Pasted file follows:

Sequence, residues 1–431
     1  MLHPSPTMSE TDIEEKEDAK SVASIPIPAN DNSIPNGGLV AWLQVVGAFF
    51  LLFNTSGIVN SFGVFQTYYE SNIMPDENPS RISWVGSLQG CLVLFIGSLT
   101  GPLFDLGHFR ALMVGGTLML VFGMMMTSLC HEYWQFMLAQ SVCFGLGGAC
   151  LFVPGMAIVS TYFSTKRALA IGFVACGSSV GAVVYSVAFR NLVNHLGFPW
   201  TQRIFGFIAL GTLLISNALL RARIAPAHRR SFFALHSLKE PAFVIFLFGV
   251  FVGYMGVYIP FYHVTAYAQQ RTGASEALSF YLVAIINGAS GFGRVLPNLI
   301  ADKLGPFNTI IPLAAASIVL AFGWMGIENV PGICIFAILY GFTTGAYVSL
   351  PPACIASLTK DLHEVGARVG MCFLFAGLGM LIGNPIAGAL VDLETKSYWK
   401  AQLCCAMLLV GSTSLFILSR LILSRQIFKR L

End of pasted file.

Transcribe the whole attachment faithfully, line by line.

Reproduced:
Sequence, residues 1–431
     1  MLHPSPTMSE TDIEEKEDAK SVASIPIPAN DNSIPNGGLV AWLQVVGAFF
    51  LLFNTSGIVN SFGVFQTYYE SNIMPDENPS RISWVGSLQG CLVLFIGSLT
   101  GPLFDLGHFR ALMVGGTLML VFGMMMTSLC HEYWQFMLAQ SVCFGLGGAC
   151  LFVPGMAIVS TYFSTKRALA IGFVACGSSV GAVVYSVAFR NLVNHLGFPW
   201  TQRIFGFIAL GTLLISNALL RARIAPAHRR SFFALHSLKE PAFVIFLFGV
   251  FVGYMGVYIP FYHVTAYAQQ RTGASEALSF YLVAIINGAS GFGRVLPNLI
   301  ADKLGPFNTI IPLAAASIVL AFGWMGIENV PGICIFAILY GFTTGAYVSL
   351  PPACIASLTK DLHEVGARVG MCFLFAGLGM LIGNPIAGAL VDLETKSYWK
   401  AQLCCAMLLV GSTSLFILSR LILSRQIFKR L